UK Treasury Abandons Plans to Introduce KYC on Unhosted Wallets

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In Brief
  • The United Kingdom’s Treasury has loosened the travel rule, which impacts unhosted wallets.

  • Information collection will only be required on a risk sensitivity basis.

  • Several governments are working on regulation related to unhosted wallets.

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The United Kingdom Treasury has backtracked on plans to require all senders of crypto funds to collect information that identifies the recipients of those funds.

The Treasury said it makes little sense to create a know your customer (KYC) data collection rule for unhosted, or private, wallets.

In the report, the Treasury said: “The government does not agree that unhosted wallet transactions should automatically be viewed as higher risk; many persons who hold cryptoassets for legitimate purposes use unhosted wallets due to their customizability and potential security advantages (e.g. cold wallet storage), and there is no good evidence that unhosted wallets present a disproportionate risk of being used in illicit finance.”

Treasury decisions follows consultation with major players

The decision follows consultation with regulators, industry players, academics, and government agencies on the topic of updating the rules on money laundering.

The proposed rule mandated that financial institutions and crypto exchanges collect and store information on international payments, which many in the industry deemed impractical and restrictive.

Respondents said that there would be both short-term and long-term costs, though some noted that the costs could be partially offset by the benefits of being a better-regulated asset class. 

The U.K. Treasury has accepted that implementing the travel rule will result in costs to the industry but emphasizes that it will bring overall benefits. 

However, it is easing the rule such that fiat and crypto transfers will no longer have to calculate the de minimis threshold and that information requirements on unhosted wallets will be required only on a risk-sensitive basis.

Unhosted wallets a major regulatory agenda

The U.K. is not the only country that is focusing on unhosted wallets. Several regulators from across the world have issued statements on the matter, saying that they will need some form of control.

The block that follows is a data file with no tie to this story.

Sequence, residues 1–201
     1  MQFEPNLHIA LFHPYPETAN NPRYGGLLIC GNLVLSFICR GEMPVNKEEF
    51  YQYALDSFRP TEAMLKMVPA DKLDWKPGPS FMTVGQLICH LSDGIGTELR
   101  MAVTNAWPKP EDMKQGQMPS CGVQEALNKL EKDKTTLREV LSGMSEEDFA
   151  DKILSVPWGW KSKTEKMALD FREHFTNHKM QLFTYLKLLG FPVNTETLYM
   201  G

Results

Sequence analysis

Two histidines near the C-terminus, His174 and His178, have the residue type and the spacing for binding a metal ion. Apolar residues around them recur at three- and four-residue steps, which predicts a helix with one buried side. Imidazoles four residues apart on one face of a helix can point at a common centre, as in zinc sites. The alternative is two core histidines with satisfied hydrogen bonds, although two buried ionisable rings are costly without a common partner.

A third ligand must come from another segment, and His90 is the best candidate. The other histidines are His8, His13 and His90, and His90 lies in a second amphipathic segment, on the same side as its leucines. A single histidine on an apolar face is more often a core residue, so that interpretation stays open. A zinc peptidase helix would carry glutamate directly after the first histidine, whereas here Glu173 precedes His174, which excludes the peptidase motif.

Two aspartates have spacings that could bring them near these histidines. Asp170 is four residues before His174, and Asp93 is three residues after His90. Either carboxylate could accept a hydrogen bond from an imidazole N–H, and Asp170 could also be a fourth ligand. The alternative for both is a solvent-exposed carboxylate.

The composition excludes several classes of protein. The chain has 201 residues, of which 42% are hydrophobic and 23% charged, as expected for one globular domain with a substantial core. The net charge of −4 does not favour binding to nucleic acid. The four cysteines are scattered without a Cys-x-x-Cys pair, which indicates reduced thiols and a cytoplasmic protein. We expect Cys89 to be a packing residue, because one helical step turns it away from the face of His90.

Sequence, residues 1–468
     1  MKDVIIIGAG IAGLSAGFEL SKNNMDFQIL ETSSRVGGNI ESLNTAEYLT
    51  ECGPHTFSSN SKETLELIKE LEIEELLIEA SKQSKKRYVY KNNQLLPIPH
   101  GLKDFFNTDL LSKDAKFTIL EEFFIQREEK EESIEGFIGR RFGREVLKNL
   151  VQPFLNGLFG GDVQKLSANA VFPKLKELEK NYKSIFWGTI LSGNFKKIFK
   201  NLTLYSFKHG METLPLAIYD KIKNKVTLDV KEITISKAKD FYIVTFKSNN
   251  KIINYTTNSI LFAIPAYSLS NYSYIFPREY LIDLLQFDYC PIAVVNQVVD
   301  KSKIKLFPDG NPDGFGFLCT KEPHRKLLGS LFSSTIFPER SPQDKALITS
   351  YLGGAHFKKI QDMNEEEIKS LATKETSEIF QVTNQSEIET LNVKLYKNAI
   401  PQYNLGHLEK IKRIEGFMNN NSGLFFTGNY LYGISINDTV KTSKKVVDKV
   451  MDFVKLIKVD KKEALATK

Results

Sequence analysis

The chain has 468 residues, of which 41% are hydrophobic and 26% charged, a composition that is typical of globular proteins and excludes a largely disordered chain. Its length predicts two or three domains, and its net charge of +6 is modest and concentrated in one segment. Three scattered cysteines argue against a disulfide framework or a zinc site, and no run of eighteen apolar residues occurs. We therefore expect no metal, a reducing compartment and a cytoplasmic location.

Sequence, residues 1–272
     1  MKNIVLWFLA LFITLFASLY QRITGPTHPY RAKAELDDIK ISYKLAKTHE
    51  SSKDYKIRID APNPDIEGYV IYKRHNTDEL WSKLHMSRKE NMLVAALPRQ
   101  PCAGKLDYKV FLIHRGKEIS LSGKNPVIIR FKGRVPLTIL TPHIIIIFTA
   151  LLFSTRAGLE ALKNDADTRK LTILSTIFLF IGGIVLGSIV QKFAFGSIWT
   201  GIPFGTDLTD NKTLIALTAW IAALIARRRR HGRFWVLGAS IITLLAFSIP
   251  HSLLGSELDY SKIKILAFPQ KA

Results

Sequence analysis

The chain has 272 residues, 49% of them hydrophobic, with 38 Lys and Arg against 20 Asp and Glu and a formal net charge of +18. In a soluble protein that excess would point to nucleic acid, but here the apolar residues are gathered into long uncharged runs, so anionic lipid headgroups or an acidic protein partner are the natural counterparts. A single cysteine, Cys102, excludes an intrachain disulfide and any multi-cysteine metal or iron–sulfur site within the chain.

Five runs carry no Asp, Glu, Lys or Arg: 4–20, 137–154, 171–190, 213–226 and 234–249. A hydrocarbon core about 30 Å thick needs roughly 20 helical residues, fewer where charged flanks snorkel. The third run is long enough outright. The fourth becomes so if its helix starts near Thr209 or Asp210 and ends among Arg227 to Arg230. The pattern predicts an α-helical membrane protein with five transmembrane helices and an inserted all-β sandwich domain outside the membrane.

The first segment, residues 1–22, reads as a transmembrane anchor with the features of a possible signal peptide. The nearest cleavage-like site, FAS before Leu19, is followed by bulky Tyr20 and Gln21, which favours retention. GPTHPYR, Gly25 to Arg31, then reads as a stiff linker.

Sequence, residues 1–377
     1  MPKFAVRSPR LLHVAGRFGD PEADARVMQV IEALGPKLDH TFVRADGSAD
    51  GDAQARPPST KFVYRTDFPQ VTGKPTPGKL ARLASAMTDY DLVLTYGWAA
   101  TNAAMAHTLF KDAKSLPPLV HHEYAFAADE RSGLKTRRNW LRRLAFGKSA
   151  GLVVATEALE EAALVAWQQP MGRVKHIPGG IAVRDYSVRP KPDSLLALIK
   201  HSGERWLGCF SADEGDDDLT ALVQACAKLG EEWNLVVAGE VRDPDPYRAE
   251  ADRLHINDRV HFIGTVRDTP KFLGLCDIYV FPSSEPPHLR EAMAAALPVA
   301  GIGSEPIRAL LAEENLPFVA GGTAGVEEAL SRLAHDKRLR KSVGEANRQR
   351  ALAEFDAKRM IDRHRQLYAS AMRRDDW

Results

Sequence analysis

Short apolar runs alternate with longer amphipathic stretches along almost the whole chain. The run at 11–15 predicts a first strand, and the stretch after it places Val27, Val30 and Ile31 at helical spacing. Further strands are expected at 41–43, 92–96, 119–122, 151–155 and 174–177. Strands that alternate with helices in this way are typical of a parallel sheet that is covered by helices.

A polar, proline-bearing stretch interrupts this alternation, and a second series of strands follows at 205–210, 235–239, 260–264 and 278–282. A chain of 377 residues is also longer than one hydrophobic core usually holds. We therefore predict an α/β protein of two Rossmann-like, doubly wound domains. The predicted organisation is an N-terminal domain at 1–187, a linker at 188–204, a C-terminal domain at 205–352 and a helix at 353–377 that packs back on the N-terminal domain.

The EU parliament recently voted in favor of an amendment that would impact unhosted wallets. The crypto industry swiftly responded with criticism, saying that it would have a major effect on privacy. 

Critics, including Coinbase, said that it would “unleash an entire surveillance regime on exchanges, stifle innovation, and undermine the self-hosted wallets that individuals use to securely protect their digital assets.”

DeFi to be impacted by new regulations

The greatest impact the rules on unhosted wallets will have is on the decentralized finance (DeFi) market. DeFi has been on the radar of authorities for a while, both for its decentralized nature and for the financial risks they say it imposes.

The International Monetary Fund has said that DeFi poses financial stability risks, asking for regulation of stablecoin issuers. It acknowledges that regulating decentralized entities is difficult, and so also suggests that some controls be imposed on centralized exchanges.


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Rahul's cryptocurrency journey first began in 2014. With a postgraduate degree in finance, he was among the few that first recognized the sheer untapped potential of decentralized technologies. Since then, he has guided a number of startups to navigate the complex digital marketing and media outreach landscapes. His work has even influenced distinguished cryptocurrency exchanges and DeFi platforms worth millions of dollars.

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